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Cooking With Fire: Mac & Cheese

Justin Cary

Macaroni and cheese is a staple of many pantries in the United States. The ubiquitous blue box has been around since 1937 and is as synonymous with the dish as McDonald’s is to the hamburger or Olive Garden is to endless breadsticks.

But it didn't start in a box — so where did mac and cheese come from? You would be correct if you assumed it was Italian in origin — though modern macaroni and cheese is quite different from the original recipe that can be found in the Book of Cookery, an Italian cookbook by an anonymous author that was published some time in the thirteenth or fourteenth century.

In this book, a dish simply titled "lasagna" used a fermented dough noodle cut into two-inch strips that were cooked and then tossed with grated cheese. It then calls for dried spices and layering cheese between the sheets of lasagna if desired.

Fast forward a few hundred years to the 18th century and mac & cheese finally made its way across the ocean to the U.S. with a little help from President Thomas Jefferson. Oh, and the rumor you may have heard about Jefferson inventing the dish: It’s not true.

He was, however, introduced to the cheesy pasta in Paris in the mid 1700s and brought recipes back with him to the states. But when Jefferson had macaroni and cheese served in his White House, the chefs were using the recipe from the 1769 cookbook the Experienced English Housekeeper. This iteration most closely mirrors our modern version and paved the way for that little blue box loved by kids.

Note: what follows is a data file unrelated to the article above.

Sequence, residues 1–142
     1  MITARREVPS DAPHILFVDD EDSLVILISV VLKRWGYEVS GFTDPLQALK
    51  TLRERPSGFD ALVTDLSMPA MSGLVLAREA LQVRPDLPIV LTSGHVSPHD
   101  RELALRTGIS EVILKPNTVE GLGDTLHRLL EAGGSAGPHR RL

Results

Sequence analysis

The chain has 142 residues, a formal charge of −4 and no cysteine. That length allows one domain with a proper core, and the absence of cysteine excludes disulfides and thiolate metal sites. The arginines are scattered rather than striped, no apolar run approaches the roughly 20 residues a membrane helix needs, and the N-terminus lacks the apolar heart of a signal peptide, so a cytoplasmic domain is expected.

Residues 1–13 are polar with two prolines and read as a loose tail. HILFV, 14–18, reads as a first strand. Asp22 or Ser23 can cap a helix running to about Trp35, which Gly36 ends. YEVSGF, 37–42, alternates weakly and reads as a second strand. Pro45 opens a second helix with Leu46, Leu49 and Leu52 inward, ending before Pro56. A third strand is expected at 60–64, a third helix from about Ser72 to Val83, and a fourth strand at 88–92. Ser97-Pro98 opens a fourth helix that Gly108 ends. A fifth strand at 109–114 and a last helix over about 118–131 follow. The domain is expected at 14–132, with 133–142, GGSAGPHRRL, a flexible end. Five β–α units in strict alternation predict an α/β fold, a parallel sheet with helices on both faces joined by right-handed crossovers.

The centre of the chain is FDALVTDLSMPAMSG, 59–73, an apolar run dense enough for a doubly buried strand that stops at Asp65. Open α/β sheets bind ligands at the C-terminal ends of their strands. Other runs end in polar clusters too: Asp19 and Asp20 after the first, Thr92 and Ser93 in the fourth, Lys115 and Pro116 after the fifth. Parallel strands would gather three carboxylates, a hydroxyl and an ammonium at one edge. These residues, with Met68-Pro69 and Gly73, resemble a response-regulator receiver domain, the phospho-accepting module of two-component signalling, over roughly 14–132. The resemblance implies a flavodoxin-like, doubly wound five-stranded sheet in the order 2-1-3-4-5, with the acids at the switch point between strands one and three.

In this episode of Cooking With Fire, we tackle Green Chili Mac & Cheese. Enjoy!

[audio pending]

Green Chili Mac & Cheese

12 servings


  • 16 oz elbow macaroni
  • 6 cups whole milk
  • 3 cups heavy whipping cream
  • 12 oz sharp cheddar, grated
  • 12 oz pepper jack, grated
  • 1/2 cup roasted green chiles, diced
  • 4 oz bread crumbs
  • Salt & pepper, to taste


  1. Preheat your smoker to 250ºF. 
  2. In a half sized steam table food pan, combine the uncooked macaroni, milk, heavy cream, cheeses, green chiles. 2 teaspoons salt and fresh crack black pepper. Carefully mix the ingredients. 
  3. Place the pan in the smoker. 
  4. After one hour, stir the ingredients with a wooden spatula. Scrape the bottom of the pan to prevent scorching. 
  5. Continue cooking for another hour. You should have a creamy mixture, with little standing liquid. Taste and add salt as necessary. 
  6. Sprinkle the bread crumb topping over the pan, and spread evenly. Cook an additional 30 minutes, until bread crumb begins to brown and the liquid is bubbling up through the topping. The finished product should be creamy, but not runny.
Josh Cary may be the eCommerce Director at All Things Barbecue during the day, but at night he takes on the mantle of an award-winning Pitmaster, who has cooked on the competition barbecue circuit under various team names including ATBBQ, Yoder Smokers and the Que Tang Clan.
All Things Barbecue Staff Chef Tom Jackson is a Kansas native, born and raised in Wichita. In 2008 he and his wife moved to Portland, Oregon, where he attended Oregon Culinary Institute. Tom studied both general culinary skills as well as baking and pastry while working as a cook in a variety of restaurants. After graduating from Oregon Culinary Institute he began working as a bread baker and pastry chef at the renowned Ken’s Artisan Bakery in northwest Portland. He spent more than four years honing his skills under James Beard Award winning chef and owner Ken Forkish. In that time he and his wife had their first child, and the draw of home and family grew stronger. Longtime friends of the Cary family, owners of All Things Barbecue, they returned to Kansas to help All Things Barbecue continue to excel in their cooking classes. Tom has been further developing and building cooking classes and private events at All Things Barbecue since March 2014.